COLUMBIA — Juan Felipe Calle and his wife, Sandra Zapata, were living and working on a family-owned ranch in Colombia when rebel guerrillas killed two of his uncles.
Years later, Calle received a letter from the rebels that made it clear he and his family were targets. He decided to apply for asylum in the United States, and it was granted to the couple on March 31, 2001.
It was the beginning of their journey to becoming U.S. citizens.
It took nearly 10 years of weaving through a complex, expensive citizenship process to reach the end. Calle will take his citizenship test on May 4 and wait 45 to 90 days to find out when he can take his oath.
Zapata will take her oath to become an American on May 7 — the day before her 40th birthday.
“If you want to be a citizen," Calle said, "you have to be patient."
Zapata works for Centro Latino in Columbia, an organization founded 10 years ago to help Latinos acclimate to mid-Missouri laws and customs. It has since evolved to help people from all cultural communities.
A year ago, Centro Latino was accredited to legally represent immigrants who file paperwork to gain citizenship status.
Legal representative Carrie Tyler now volunteers her time to work with clients. She helps them determine eligibility, cost and risk in applying for citizenship, residence or other forms of naturalization.
Since the organization began providing these services, Tyler has processed eight to 10 cases and consulted on many more.
“Most commonly, I have people come in wanting to petition for their wife or their husband,” she said. “I’ve seen quite a few cases, but sometimes people aren’t ready to pay, or they haven’t been with their spouse for long enough.”
Tyler is certified through the Board of Immigration Appeals, which means she can only handle cases that deal with the Department of Homeland Security and U.S. Citizenship and Immigration Services. At this point, she isn’t certified to take cases that require immigration court or deportation.
She specializes in helping those who apply for the Violence Against Women Act, which helps immigrants in domestic abuse situations become citizens. She also has expertise in renewing residency cards.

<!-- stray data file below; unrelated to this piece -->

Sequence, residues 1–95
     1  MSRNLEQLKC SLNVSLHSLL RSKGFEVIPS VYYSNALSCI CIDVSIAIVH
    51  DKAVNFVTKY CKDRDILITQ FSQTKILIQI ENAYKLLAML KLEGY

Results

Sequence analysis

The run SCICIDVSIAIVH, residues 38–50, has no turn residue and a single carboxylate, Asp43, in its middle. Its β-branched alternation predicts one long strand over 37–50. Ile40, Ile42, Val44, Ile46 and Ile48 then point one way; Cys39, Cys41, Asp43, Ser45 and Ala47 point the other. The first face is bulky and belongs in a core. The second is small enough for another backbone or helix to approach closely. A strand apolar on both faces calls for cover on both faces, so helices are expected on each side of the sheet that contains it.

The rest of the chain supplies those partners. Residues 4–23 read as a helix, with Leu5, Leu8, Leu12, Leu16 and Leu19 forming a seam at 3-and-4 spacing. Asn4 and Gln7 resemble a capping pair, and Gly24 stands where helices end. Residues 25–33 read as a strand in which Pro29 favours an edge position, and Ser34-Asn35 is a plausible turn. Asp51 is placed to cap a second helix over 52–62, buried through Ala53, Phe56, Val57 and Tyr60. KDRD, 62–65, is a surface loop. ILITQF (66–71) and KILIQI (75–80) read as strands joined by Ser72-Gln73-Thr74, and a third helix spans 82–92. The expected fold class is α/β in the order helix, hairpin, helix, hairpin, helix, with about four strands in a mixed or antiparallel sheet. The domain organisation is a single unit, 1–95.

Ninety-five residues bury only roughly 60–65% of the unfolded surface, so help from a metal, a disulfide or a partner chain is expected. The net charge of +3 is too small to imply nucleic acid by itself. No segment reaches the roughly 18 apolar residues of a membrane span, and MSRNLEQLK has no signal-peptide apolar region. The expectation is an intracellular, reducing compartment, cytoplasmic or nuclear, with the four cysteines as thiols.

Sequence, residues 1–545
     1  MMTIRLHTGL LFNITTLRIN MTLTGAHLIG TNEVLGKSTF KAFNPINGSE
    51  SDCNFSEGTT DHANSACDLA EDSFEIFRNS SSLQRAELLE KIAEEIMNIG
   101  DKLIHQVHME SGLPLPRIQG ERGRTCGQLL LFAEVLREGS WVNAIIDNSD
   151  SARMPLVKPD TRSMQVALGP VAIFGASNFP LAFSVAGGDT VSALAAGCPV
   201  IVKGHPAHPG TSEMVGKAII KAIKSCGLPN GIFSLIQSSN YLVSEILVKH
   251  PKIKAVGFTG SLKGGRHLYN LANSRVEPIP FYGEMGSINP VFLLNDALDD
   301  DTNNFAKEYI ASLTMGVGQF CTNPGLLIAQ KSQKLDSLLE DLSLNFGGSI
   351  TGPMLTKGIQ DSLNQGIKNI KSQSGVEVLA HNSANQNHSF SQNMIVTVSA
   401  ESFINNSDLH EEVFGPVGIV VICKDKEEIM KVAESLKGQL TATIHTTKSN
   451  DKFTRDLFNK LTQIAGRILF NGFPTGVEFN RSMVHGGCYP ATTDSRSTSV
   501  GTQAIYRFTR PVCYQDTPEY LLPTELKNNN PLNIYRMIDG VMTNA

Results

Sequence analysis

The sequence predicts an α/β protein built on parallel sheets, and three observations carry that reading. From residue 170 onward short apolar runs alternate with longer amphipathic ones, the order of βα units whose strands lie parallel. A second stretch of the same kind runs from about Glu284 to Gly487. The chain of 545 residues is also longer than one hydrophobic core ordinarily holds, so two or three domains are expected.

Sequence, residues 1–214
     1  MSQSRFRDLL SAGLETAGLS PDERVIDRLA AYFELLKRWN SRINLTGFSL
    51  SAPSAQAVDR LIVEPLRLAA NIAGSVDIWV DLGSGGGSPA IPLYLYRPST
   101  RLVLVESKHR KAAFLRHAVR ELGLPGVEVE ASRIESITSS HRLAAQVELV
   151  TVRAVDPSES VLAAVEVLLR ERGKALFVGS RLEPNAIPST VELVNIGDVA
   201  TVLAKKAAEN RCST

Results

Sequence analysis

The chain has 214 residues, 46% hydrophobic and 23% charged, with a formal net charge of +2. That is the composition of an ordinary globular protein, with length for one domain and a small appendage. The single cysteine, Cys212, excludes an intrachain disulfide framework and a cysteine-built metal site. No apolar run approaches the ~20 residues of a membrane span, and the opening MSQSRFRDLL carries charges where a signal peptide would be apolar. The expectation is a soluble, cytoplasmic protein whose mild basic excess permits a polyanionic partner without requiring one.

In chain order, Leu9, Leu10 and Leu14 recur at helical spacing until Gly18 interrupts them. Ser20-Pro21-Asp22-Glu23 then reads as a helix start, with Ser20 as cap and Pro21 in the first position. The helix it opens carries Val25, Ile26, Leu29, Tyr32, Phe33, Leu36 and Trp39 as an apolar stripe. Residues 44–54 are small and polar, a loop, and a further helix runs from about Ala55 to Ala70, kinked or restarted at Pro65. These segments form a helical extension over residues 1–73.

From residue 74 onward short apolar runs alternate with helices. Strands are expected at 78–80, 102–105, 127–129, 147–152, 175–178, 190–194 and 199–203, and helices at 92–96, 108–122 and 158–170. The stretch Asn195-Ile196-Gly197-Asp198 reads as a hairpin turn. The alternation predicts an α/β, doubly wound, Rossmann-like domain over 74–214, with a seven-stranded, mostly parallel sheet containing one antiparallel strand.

Part of the process is considering the cost and risk associated with obtaining citizenship.
“I’m always very upfront about the risk involved, and they have to decide if they want to take them or not,” she said.
The biggest risk is detainment in the immigrant's home country. The time a person has been in the U.S. illegally often corresponds to length of detainment — perhaps permanently.
Tyler often refers cases outside her certification to legal assistance in Columbia, Kansas City and St. Louis.
In Columbia, she often works with immigration attorney Helene Fehlig Tatum.
According to Tatum, the current system needs reform before many families and children who came here illegally can be helped.
“The hardest thing for me is seeing families — hardworking families that want to stay together and be here legally — and there's not much that can be done for them,” Tatum said.
Forms and legal counsel can cost thousands of dollars, but Centro Latino’s policy assures that people will not be denied service if they don’t have enough money.
Low-cost legal help can be especially helpful in Columbia because attorneys who practiceimmigration law are a scarce commodity, Tatum said.
She said immigration law is a difficult and narrow specialty, which causes a shortage of legal professionals in mid-Missouri willing to grapple with the complex system.
Although some non-profit charities and organizations such as Centro Latino can provide some relief, Columbia has less access than more populated areas to financial aid and proximate U.S. Citizen and Immigration Service offices, where paperwork is processed.
“There is Western Missouri Legal Aid, and there are some organizations in St. Louis, but here in Columbia, it’s limited,” Tatum said.
Tyler said Centro Latino has evolved in the past decide and can now reach out to the entire community.
Although the organization didn’t advertise initially, Tyler has begun to market the legal service through radio and newspapers. She hopes more immigrants will come for help, regardless of culture or background.
“Through that first year, as I was getting my office set up and getting things ready, I didn’t want to be bombarded,” she said. “Now, I’m ready.”
Calle and Zapata used Centro Latino for the final part of their application process, which included paperwork and fingerprinting.
“It’s good to have a lawyer review things,” Calle said. “You have to find someone reputable and honest to help with the paperwork.”
Tyler agreed. She said the complex filing process can be relatively unforgiving.
“One tiny mistake, and they’ll send all the money and the paperwork right back,” she said.